This week saw mostly lower prices across the grain sector, influenced by rain in the forecast, but there were also several other developments to keep up with.
This week's grain markets either learned or confirmed the following:
-- The row crop forecast for the next two weeks has a chance to help crops with timely rains.
-- Russia remains intent on attacking Ukraine's grain infrastructure, even when it's a stone's throw from NATO neighbor, Romania.
-- Since learning of this year's small U.S. soybean planting, China has been more motivated to get new-crop orders in early for U.S. soybeans.
-- The amount of soybean oil used to make biofuels hit a new record of 1.141 billion pounds in May, up 33% on the year.
-- Rain in the forecast can send soybean prices lower, but as long as demand for soy products remains strong, the crush incentive gets more appealing for soybean processors to keep buying soybeans.
-- Even with late rains, crops still have an uphill battle in many areas. USDA and the U.S. Drought Monitor said 23% of corn crops and 21% of soybean crops are dealing with D2 levels of drought or worse.
In outside markets, we are discovering there is still a strong case to be made for higher interest rates, not so much because Fitch downgraded the long-term currency rating for the U.S., but because Saudi Arabia remains intent on keeping world oil supplies tight. Three years and three months after COVID-19 sent crude oil prices to minus $40 a barrel, the U.S. remains vulnerable to higher fuel prices, having failed so far to restore domestic production to pre-COVID levels. Without adequate energy supplies, the Fed has little choice but to keep suppressing economic activity with higher interest rates. For commodity prices in general, and crop prices in particular, higher interest rates remain a bearish weight.
Especially for corn, storing grain will prove an expensive option in 2023-24. Because of USDA's 94.1-million-acre planting estimate, there is a good chance corn production will land near 15 billion bushels (bb) this fall, maybe even exceed the 2016 record of 15.15 bb. Off-farm storage will be expensive and anyone paying 7% or more on an operating loan won't be patient about holding on to corn for long. In this year's higher yielding areas, harvest prices are apt to encounter more pressure than usual and will likely not be kind to anyone needing to sell early. Fortunately for many producers, the protective aspects of crop insurance are already at work as December corn closed at $4.93 1/2 Thursday, 16% below the February price average of $5.91.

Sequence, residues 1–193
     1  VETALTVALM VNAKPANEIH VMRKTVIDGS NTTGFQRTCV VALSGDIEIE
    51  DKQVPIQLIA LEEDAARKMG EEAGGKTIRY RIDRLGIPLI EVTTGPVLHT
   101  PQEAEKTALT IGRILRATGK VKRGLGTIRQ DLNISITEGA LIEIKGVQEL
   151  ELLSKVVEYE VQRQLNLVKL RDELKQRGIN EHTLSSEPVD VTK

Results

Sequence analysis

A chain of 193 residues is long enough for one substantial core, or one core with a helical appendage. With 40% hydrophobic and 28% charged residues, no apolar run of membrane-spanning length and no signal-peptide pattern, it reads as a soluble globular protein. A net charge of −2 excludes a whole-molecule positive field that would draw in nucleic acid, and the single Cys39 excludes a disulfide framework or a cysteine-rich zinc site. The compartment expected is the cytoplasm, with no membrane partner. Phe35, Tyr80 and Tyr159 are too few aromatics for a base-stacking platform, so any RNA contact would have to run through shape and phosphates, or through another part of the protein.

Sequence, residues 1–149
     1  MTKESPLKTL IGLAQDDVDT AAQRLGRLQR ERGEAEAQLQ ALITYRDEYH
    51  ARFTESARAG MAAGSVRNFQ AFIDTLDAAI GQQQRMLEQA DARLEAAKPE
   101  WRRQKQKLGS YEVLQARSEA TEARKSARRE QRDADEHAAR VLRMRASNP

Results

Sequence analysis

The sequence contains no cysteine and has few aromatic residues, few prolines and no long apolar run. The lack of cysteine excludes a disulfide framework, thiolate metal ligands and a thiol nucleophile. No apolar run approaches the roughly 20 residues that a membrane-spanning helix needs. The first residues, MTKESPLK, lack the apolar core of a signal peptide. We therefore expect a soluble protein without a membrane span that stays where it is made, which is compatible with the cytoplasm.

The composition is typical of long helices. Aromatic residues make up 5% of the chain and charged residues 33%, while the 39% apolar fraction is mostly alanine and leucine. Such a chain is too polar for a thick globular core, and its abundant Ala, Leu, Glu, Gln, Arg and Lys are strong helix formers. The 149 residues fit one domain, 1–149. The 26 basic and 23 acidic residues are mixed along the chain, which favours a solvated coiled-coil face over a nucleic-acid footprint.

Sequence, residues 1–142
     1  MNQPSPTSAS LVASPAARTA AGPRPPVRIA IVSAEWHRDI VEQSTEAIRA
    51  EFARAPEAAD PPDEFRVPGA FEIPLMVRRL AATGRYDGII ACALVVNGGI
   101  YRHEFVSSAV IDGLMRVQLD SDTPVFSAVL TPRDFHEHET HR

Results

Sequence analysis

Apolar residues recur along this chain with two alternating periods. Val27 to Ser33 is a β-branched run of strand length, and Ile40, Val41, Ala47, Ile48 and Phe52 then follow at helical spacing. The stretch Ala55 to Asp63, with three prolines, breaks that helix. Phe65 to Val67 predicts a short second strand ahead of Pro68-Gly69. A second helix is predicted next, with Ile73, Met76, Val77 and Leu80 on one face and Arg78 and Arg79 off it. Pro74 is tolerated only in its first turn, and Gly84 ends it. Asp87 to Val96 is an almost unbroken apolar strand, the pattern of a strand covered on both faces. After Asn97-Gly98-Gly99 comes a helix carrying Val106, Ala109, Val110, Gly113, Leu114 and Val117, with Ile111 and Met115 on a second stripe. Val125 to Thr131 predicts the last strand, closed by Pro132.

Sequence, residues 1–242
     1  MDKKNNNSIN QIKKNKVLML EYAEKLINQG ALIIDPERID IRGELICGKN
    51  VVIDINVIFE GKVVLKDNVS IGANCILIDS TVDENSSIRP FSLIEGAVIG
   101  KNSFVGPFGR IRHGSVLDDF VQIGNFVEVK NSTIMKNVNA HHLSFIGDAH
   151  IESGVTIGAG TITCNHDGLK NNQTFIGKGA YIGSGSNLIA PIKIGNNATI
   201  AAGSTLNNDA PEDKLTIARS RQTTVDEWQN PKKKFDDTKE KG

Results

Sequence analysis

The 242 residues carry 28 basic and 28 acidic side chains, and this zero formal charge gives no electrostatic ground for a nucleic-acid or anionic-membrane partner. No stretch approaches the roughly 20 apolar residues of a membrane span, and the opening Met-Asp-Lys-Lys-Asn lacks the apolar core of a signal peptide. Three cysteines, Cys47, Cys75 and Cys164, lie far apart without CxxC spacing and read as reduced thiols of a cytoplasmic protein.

Wheat prices continue to be weighed down by lackluster demand and poor morale, unable to sustain a significant rally, even as Russia continues to attack Ukrainian ports and make life difficult for producers trying to move grain out of the country. The most recent Russian attack on the port of Izmail was one of three important ports on the Danube River being used to move grain by barge into Romania. If Russia succeeds in shutting down Ukraine's access to the Danube River, the remaining options by land are limited and expensive, a legitimate threat to the world's wheat supplies.
However, none of that mattered to wheat prices this week as September KC wheat fell four consecutive days, ending at $7.67 1/2 Thursday, Aug. 3, the lowest close in three months. On Wednesday, Russia once again showed its dominance among exporters, supplying Egypt with 300,000 metric tons (mt) of its 360,000 mt wheat purchase. It also didn't matter when the Economic Times reported India was considering buying 9 million metric tons (mmt) or 331 million bushels (mb) of wheat from Russia as a way of cooling rising prices at home, or when USDA's attache for Europe reduced its estimate of European wheat production in 2023 from 138.0 mmt to 134.6 mmt (4.95 bb). One of these days, wheat supplies will matter.
After four days of corn and soybean prices getting weighed down by a wetter forecast this week, the least bearish performance in the grain sector was in soy products. Thursday's closing price in September soybeans of $13.82 was down 51 cents or 3.6% from last Friday's close of $14.33. Over the same four days, September soybean meal was only down 1.5% and September soybean oil down 2.4%. The rain in this week's forecast that pushed soybean prices lower served to increase the already highly profitable spread between the value of crushed and uncrushed soybeans. With a September crush premium at $3.67 per bushel over the cost of soybeans, processors are printing money once again and demand for soybean oil has never been so good. On Monday, the U.S. Energy Department reported 1.141 billion pounds of soybean oil were used to make biofuels in May, a new record high and 33% more than the same month a year ago.
The way things are going, I'm not sure 2023 is going to compare well to any previous year. By now, we know crop conditions aren't as bad as 2012 and, after a rough start, those conditions aren't turning out as rosy as they did in 1992. This year has its own set of challenges and I, for one, am looking forward to the findings of this year's DTN Digital Yield Tour, starting Monday, Aug. 7.
To learn the latest on 2023 corn and soybean yield expectations, join us the week of Aug. 7-11 on the DTN Digital Yield Tour, Powered by Gro Intelligence. Each day we'll have updated yields for key states in our Top Stories news menu. For background information on the tour, see here: https://spotlights.dtnpf.com/…
Comments above are for educational purposes only and are not meant as specific trade recommendations. The buying and selling of grain or grain futures or options involve substantial risk and are not suitable for everyone.
Todd Hultman can be reached at firstname.lastname@example.org
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